In Matthew’s gospel, Jesus enters a harsh and unrelenting world. After Jesus’ birth in Bethlehem, he and his family flee to Egypt to escape King Herod’s murder of the region’s children. When they return, they settle in Galilee, a rural region away from Jerusalem, so that they can go unnoticed. The Roman empire occupies the land. There are periodic rebellions and violent suppressions during Jesus’ formative years. Corruption between religious leaders, local governors, tax-collectors, and the empire is common enough to be visible to all. Most of the population lives in subsistence poverty, and folks are so desperate that they are going out to the wilderness to listen to the rantings of a wild man named John, who openly criticizes government officials and calls on the nation to repent.
Jesus’ message -- an upending and subversive challenge to the status quo -- will not be received well everywhere. After all, some are benefiting under the current system, and they hold state power and can call on state force. Others, fearing another violent suppression by Rome, want nothing to do with radical change, but to suffer on, with the no hope or future. To acknowledge the presence of God in every person and place is radical. To work for peace for every living soul, and not just a select few, is confrontational. To heal people the system said were unhealable and dare to touch those society says are untouchable is offensive. Oscar Wilde writes that “No good deed goes unpunished,” a reality check for those working to make good social change.
Families, the place where acceptance, protection, and love should be held up as sacred, are not safe from Jesus’ message either. The most difficult and important place to have conversations about social ills is not the public square or cable news, but dinner tables. We’ve made this all the more difficult on ourselves after generations of keeping a false peace in our families by refusing to talk about religion or politics. The most cringeworthy and painful conversation I’ve ever had about racism was with a close family member. Many of us have an uncle or cousin posting racist images and statements on social media right now, their response to the Black Lives Matter movement, and protests over systemic racial violence and inequality in America. How are we supposed to love our family members while being principled about love, justice, and equality? Jesus’ answer was to remember the sparrows. Even sparrows, creatures deemed largely inconsequential by us humans, are on the mind of God. When we worry that we will break a false peace, God is with us. When things go really bad, we can remember that there is no place where God is not.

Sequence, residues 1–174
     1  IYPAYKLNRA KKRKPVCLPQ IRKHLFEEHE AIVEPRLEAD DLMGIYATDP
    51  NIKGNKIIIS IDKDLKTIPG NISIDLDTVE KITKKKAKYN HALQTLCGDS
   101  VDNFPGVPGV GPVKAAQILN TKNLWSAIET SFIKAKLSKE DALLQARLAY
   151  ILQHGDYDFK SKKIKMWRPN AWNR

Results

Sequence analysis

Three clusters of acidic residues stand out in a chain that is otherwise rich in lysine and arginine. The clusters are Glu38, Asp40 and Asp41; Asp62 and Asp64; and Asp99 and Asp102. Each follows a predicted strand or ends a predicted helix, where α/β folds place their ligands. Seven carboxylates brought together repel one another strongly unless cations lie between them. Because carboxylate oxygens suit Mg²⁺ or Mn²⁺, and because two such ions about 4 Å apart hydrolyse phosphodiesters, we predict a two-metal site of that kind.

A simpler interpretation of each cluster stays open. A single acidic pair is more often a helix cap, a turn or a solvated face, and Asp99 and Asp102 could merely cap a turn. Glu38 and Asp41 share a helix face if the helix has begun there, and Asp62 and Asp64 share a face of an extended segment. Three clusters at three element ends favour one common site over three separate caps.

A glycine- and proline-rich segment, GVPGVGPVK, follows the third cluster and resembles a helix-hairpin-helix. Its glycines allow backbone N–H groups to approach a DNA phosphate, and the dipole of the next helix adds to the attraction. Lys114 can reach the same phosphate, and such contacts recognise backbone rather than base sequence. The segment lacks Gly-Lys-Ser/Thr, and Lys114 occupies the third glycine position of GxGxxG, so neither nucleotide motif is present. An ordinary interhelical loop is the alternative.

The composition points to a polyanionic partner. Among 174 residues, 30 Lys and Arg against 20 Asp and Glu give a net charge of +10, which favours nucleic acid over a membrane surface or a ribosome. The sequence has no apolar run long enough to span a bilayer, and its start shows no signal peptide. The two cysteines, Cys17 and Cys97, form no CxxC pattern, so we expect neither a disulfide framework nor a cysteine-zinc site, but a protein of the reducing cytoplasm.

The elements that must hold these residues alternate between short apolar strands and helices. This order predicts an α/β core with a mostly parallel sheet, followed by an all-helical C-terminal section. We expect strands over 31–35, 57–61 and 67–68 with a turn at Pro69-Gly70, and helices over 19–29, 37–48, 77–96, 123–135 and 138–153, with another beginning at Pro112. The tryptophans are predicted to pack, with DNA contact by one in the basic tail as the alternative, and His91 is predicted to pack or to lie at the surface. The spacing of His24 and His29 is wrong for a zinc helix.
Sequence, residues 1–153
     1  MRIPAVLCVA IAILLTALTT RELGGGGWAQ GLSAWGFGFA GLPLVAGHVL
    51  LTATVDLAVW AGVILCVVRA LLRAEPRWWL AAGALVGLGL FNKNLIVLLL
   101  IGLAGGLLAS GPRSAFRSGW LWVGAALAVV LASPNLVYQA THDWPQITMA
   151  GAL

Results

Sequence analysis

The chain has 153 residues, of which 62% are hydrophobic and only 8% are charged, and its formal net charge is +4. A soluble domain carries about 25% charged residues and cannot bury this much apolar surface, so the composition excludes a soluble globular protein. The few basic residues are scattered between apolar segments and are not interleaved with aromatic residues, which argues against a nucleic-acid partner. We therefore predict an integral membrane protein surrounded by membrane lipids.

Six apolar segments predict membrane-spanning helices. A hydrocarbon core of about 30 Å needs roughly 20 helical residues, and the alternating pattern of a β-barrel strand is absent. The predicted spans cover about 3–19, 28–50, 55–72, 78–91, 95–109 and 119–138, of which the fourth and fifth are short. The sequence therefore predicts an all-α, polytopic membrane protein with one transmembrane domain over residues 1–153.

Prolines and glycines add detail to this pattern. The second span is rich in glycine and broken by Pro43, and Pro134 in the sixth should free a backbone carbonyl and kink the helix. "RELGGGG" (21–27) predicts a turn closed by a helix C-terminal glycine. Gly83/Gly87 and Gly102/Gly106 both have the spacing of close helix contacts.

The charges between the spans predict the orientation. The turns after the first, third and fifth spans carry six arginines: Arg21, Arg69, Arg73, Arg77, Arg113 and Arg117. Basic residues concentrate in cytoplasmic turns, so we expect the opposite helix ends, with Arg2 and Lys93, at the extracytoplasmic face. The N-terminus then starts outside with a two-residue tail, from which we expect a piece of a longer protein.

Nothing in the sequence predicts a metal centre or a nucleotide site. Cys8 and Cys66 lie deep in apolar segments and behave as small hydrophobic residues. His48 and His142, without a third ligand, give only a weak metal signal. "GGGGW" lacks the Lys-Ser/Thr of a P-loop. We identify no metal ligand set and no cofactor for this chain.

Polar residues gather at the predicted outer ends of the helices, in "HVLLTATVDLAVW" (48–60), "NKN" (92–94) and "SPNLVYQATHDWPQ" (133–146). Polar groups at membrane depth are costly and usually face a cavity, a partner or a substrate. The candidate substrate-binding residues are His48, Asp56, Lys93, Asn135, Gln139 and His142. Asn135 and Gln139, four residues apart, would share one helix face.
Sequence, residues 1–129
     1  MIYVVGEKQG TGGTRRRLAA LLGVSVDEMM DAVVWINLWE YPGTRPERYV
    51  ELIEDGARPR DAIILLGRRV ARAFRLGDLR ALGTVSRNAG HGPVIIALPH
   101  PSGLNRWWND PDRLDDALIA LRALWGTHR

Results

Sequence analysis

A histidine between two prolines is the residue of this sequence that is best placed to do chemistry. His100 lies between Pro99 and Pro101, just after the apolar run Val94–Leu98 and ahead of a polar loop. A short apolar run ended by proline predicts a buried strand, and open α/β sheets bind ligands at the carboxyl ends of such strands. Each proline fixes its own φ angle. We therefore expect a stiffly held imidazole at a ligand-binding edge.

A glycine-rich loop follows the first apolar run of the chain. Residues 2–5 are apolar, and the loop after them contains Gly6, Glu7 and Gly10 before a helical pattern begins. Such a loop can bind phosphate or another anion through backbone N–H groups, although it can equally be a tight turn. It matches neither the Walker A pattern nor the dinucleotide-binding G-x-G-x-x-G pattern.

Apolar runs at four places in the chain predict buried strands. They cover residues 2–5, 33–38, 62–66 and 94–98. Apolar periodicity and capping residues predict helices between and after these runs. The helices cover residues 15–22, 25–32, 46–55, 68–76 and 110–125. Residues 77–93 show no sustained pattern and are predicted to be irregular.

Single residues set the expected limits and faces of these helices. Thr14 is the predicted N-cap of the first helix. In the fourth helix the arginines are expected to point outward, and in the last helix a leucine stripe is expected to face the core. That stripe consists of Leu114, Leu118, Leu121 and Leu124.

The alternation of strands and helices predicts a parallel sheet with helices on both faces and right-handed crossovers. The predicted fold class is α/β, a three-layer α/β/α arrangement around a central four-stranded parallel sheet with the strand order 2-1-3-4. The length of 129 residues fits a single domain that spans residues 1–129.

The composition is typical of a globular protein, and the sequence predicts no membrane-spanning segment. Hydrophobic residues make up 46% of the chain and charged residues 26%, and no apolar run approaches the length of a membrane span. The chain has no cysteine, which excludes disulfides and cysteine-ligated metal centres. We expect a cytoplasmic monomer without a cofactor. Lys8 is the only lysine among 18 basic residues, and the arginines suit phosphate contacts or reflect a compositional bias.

Finally, Jesus warns his disciples about what it might look like to give up the principled life when he talks about the thing that can destroy body and soul. “Sin makes its own hell, and goodness it own heaven,” writes Mary Baker Eddy. The Dalai Lama writes that “Sin contains its own judgment and punishment.” The early twentieth-century cartoonist Kin Hubbard might say it best, “We are not punished for our sins, but by them.” When we’ve come to terms with the importance of a belief, but fail to live out that belief because of some pressure, there is something, part of our very selves that becomes damaged. Jesus’ disciples have seen an alternative way of organizing life. This alternative way positioned all people and God’s glorious creation in a sacred light. There was no one too sick to save, too troubled to help, too hopeless to hear good news. Divine presence, real work, purpose and opportunity, the right to life and dignity; these are all part of what it means to be created by God. To fail to work toward that aim hurts ourselves as much as it does others.
In recent weeks a group of knuckleheads has gone from town to town, here in Vermont, sticking white supremacist stickers on town halls, rainbow flags, and businesses owned by African Americans and people of color. The rainbow flag at the United Church of Hinesburg was tagged too. These moments are important. They remind us that some stand against an open and free society where all are treated with dignity and acceptance in our communities. At some point, they were taught to hate, in which case, we can only have pity, and ask God that they find a better way. Perhaps we can also be reminded that if we genuinely believe in words like equality, love, and respect, and carry the better heritage of our Christian faith in our souls, we will not stop working until our last breath for a better world. This is what Jesus hopes from all his disciples.
May you remember your work as disciples of Jesus. May you have the courage to act during these difficult times. And may you do all things in love.